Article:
The Theories of Health Promotion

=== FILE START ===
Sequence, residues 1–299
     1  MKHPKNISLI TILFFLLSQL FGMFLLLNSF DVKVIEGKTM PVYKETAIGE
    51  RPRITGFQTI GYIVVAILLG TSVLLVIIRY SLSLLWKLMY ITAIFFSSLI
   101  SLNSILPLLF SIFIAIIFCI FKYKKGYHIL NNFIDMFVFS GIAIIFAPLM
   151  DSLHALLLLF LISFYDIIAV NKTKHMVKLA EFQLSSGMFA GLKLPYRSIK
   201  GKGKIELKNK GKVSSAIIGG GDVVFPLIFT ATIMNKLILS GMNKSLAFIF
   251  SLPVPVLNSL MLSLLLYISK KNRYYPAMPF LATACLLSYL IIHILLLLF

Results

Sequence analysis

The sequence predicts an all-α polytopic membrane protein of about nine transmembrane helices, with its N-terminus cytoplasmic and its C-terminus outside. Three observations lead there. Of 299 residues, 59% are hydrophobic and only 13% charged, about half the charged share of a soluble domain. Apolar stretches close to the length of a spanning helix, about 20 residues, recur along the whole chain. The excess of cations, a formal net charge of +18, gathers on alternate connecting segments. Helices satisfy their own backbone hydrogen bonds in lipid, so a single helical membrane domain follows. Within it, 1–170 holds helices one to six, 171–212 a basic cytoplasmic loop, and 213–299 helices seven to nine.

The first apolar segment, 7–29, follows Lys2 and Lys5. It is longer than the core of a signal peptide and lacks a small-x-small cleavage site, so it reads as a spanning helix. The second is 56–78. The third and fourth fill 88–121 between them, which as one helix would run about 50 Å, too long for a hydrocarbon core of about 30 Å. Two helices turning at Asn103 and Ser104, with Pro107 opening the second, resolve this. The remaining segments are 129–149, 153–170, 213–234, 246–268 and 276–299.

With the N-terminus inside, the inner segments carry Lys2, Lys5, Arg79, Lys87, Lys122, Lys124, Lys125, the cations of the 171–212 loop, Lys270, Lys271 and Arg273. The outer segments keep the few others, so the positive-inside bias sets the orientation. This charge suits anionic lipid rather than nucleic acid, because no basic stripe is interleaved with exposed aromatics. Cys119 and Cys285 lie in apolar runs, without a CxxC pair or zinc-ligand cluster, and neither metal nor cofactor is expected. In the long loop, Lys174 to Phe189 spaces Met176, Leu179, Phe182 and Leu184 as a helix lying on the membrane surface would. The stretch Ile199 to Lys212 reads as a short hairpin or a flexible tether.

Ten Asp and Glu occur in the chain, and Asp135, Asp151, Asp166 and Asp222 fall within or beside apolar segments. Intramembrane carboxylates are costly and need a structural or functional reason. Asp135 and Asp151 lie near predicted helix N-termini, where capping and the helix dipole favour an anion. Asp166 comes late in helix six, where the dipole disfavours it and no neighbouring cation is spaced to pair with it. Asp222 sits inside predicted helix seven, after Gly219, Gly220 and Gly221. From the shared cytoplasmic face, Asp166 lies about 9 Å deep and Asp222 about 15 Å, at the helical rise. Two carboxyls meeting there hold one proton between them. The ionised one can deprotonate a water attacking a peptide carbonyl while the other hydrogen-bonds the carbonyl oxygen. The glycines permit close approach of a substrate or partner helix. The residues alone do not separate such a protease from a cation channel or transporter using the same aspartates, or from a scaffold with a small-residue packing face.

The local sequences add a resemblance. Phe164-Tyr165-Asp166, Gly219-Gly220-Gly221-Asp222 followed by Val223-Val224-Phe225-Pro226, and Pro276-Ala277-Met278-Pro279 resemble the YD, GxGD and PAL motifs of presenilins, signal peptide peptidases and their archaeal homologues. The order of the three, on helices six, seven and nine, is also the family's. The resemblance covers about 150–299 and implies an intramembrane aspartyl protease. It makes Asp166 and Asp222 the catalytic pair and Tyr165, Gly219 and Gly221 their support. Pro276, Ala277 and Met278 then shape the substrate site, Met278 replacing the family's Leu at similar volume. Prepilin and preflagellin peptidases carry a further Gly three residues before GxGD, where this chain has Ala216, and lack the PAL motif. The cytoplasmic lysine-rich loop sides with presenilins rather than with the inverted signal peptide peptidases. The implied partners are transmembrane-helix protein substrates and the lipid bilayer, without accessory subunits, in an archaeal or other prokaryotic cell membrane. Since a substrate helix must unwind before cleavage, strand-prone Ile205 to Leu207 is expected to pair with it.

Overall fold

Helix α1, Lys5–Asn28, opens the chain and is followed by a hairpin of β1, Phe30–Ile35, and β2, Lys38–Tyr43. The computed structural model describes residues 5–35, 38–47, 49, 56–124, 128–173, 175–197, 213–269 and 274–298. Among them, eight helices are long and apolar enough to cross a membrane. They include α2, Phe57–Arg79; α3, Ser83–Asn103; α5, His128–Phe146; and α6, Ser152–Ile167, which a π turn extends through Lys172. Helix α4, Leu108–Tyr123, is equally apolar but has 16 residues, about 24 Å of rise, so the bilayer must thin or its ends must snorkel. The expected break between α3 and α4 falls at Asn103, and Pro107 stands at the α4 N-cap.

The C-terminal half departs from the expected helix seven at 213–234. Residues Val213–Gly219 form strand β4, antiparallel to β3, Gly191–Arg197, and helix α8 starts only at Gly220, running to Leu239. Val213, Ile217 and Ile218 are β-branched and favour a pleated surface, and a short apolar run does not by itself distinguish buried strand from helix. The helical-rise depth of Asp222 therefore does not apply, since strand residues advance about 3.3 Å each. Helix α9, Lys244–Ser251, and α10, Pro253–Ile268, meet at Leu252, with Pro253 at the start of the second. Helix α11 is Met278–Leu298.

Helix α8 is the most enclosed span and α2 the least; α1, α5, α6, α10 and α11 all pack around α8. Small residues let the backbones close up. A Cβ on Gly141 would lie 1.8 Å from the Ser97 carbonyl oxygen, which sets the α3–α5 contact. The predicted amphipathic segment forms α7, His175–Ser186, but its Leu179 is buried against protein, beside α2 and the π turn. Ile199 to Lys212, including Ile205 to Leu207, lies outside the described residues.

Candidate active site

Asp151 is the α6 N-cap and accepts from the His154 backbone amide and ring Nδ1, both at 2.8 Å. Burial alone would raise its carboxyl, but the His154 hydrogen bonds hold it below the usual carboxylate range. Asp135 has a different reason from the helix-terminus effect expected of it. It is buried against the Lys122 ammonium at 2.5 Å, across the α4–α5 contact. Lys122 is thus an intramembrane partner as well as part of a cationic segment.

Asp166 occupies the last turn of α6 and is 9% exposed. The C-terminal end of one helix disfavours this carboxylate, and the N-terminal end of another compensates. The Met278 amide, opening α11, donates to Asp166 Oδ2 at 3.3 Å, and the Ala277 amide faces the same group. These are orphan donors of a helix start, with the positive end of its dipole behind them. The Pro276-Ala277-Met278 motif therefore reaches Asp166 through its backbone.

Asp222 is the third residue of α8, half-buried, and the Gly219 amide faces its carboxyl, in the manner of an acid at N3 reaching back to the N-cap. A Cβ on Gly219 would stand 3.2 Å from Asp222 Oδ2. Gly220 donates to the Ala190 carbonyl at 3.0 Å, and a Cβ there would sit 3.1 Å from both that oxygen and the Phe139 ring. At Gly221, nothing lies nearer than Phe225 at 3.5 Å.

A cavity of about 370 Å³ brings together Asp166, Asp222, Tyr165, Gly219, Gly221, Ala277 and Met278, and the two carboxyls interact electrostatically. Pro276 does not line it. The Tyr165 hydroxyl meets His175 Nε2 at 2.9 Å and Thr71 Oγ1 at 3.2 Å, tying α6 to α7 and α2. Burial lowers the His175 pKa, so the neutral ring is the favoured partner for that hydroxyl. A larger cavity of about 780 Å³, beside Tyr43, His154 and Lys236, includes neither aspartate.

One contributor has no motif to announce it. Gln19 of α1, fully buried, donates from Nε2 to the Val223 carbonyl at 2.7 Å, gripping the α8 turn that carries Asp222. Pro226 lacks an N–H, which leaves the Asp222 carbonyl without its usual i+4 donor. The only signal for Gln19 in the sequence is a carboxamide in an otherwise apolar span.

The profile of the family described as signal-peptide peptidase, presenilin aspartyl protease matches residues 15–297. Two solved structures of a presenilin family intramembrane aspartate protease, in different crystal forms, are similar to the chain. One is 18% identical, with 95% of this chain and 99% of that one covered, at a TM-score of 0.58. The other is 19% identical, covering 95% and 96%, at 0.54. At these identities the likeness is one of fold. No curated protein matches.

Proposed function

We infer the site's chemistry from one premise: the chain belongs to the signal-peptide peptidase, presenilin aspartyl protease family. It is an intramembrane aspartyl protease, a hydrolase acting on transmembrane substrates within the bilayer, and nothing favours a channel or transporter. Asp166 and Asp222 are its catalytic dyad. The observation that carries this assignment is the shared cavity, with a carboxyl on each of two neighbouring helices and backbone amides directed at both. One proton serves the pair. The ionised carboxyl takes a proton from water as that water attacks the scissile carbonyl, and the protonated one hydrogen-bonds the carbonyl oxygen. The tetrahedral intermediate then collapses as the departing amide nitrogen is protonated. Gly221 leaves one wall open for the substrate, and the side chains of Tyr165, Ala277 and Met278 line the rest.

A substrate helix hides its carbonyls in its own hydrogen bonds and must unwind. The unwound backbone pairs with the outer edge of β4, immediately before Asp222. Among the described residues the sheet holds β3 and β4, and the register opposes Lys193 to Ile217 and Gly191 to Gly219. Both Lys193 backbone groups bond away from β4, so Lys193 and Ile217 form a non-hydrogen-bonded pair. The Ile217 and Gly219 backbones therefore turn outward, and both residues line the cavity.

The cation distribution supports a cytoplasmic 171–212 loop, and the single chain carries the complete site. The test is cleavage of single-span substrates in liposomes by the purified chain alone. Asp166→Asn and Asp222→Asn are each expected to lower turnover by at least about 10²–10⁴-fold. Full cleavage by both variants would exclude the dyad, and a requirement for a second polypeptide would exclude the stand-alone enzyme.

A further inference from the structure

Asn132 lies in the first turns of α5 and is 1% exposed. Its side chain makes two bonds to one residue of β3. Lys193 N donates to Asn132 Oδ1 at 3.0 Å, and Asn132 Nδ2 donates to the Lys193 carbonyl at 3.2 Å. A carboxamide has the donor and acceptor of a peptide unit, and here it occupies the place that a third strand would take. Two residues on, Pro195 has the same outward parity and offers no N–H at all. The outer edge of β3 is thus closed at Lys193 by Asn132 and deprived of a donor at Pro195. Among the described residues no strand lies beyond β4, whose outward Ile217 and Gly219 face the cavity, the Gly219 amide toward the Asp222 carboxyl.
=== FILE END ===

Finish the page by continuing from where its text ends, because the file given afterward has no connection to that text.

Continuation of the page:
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Health Promotion Introduction The U. S. Department of Health and Human Services recently announced $1.01 billion in grant-funding opportunities for Health promotion. These grant programs emerged directly from the Affordable Care Act (PPACA). Enacted in 2010, this legislation significantly affects both Medicare and Medicaid. It is designed to gradually shrink Medicare's drug-coverage "doughnut hole" until it is completely eliminated, a goal set for 2020. (The doughnut hole in Medicare Part D begins when a person's annual individual drug expenditures reach a certain amount. Coverage begins again when those expenses reach the "catastrophic" phase of coverage.) However, federal subsidies to Part C are designated to be cut, and Medicare payroll taxes for high-income earners are set to increase starting in 2013. According to Michael O'Donnell (2012) in 2010 Medicaid spending by the federal government totaled $273 billion or 7.3% of the total federal budget. State governments spent $127 billion on Medicaid in 2009. This figure represents 9.9% of all state budgets. This level of spending not to mention the inevitable annual increases will be difficult, if not impossible, for states and the federal government to maintain in the future. It is estimated that tobacco use, inactivity, and poor nutrition cause 70% of all chronic diseases. These diseases account for approximately 75% of all medical costs in the United States, furthermore they account for 83% of all Medicaid costs and
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